Move forward as OFTEN as you can!
February 20, 2010
By the way, if you're not taking How to Revise Your Novel, make sure you take it when the course is offered again. I'm only on the second part of Lesson 1 and I'm blown away by how much I didn't catch on my own. As I said before, I have read and edited Shadow Bound so many times, I think my eyes were getting carpal tunnel.
I spent an hour this morning gathering my materials and filling out the first HTRYN worksheet--basically, what I envisioned when I decided to write the book. What a motivating exercise! I got to re-experience all that excitement that drove me to write the book in the first place. I also got to look at all those cool little goodies my Muse threw out at me while I was writing it. You know, the fantastic twists and turns even YOU didn't see coming.
Later, (when my toddler FINALLY went down for a nap), I spent another hour and a half or so going through the next set of worksheets. There's one worksheet for each part of a developing novel. Sometimes I wrote what I loved about my book, sometimes I wrote what needed to be fixed.
I caught SO much stuff that needed to be cut, and a bunch of places where some good sensory detail would make the story come alive. I found a lot of boring inner dialogue. Folks, I found a TON of stuff that I missed on the last two major edits (and all those little ones in between).
I cannot tell you how much How to Revise Your Novel not only helped me revise and see things in a new light, but motivated me to buckle down and revise in the first place.
February 18, 2010
I found some other cool stuff to help with my writing. This is much more affordable. The same author/teacher that does the Think Sideways course that I've been raving about also does mini courses that focus on specific areas.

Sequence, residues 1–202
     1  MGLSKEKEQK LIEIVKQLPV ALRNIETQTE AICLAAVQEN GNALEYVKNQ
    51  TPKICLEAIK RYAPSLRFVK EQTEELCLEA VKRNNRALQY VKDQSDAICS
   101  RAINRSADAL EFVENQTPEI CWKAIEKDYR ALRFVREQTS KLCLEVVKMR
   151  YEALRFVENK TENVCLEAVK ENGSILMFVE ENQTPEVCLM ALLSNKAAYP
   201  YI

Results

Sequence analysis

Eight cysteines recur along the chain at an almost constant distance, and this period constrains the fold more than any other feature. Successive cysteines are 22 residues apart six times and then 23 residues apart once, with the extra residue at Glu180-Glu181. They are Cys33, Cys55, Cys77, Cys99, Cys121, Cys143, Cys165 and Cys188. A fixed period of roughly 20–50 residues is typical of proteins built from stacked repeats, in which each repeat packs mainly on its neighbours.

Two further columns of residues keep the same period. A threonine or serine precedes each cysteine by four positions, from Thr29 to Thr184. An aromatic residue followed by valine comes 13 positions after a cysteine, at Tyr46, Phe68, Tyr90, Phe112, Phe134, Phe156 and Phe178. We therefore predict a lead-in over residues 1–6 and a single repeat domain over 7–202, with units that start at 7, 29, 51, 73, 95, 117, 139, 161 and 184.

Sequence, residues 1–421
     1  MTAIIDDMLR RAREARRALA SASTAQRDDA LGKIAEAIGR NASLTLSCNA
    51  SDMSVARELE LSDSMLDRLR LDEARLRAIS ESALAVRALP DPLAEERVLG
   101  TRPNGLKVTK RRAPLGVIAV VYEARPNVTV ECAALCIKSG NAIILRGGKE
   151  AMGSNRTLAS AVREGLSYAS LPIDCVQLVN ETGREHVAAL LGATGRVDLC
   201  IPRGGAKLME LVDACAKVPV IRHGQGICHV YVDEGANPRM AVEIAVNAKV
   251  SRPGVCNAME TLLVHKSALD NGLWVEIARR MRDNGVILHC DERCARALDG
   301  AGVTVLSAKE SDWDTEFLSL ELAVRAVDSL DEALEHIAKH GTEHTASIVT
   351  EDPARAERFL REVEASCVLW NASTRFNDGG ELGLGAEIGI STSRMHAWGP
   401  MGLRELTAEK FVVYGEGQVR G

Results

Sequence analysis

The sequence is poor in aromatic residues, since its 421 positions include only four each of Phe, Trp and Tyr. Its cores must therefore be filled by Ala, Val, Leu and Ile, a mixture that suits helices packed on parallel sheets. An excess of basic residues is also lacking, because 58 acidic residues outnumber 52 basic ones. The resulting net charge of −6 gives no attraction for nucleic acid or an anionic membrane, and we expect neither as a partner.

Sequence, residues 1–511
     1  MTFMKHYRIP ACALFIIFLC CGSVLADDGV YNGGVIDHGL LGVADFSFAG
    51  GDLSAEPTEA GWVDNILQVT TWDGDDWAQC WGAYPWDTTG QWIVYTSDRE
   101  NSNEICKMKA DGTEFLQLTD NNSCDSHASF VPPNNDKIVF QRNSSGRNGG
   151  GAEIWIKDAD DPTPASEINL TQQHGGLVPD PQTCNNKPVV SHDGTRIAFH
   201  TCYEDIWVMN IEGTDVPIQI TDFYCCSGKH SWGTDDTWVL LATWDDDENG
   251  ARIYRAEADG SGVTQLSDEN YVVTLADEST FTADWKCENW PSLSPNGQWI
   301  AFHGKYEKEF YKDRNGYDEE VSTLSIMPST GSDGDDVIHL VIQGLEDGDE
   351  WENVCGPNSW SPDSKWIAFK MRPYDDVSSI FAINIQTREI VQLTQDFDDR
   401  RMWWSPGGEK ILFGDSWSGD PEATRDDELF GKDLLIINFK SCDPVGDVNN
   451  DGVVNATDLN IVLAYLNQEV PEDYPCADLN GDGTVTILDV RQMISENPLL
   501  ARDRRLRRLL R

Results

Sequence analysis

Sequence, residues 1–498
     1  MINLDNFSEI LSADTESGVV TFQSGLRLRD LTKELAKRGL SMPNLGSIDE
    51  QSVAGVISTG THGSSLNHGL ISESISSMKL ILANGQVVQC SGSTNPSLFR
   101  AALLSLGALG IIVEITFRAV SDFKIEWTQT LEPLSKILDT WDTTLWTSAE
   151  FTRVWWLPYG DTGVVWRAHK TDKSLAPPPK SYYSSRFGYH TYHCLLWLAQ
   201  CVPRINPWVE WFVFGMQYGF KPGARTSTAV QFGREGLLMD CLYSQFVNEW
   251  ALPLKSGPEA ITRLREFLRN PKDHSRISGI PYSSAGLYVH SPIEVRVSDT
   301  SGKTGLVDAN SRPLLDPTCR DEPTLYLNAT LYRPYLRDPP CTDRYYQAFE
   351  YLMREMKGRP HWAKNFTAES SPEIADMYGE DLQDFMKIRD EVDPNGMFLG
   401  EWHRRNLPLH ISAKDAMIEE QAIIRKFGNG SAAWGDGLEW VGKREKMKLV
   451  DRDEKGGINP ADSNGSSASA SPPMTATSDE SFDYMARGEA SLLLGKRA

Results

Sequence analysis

I've tried the Plot, Character, and Page-Turning Scenes ones and they're very good. They helped me to create deeper characters, taught me what every scene needs to have (in order to be interesting), and how to come up with ideas for a story I've already started (especially how to get a killer ending!) Anyway, for anyone who's interested, here are the links:
The Holly Shop (Where the magic happens :) Good for comparing prices, etc...)
Create A Plot Clinic
Create A Culture Clinic
Create A Language Clinic
Create A Character Clinic
How To Write Page-Turning Scenes (This one was my favorite, followed closely by the plot clinic.)
Clinic Writing Bundle (This has the Plot, Culture, Character, and Language Clinics wrapped into one for a discounted price, which is what I went with.)
How To Beat Writers Block
Also, see my post: Helpful Writing Software for a huge list of goodies (a lot of them free!).
February 16, 2010
February 13, 2010
But I recently took on a new project. I never thought I'd be doing non-fiction, but ... I am. I'm working on an e-Book that's part of an established series. I have no experience with this sort of thing, so I have no idea what to expect. But it's getting me interested in looking over some of my past work. I really need to get editing again. I don't feel like I can move on or start a new project until I have at least one of my two manuscripts revised (or re-revised).
Anywho, I'm putting Shadow Bound through the ringer. Holly Lisle's How to Revise Your Novel. Yup. It's going to take forever. Yup. I'm going to want to kill myself. But it's better than the alternative.
I'll take deliriously sick of a manuscript over non-writer any day.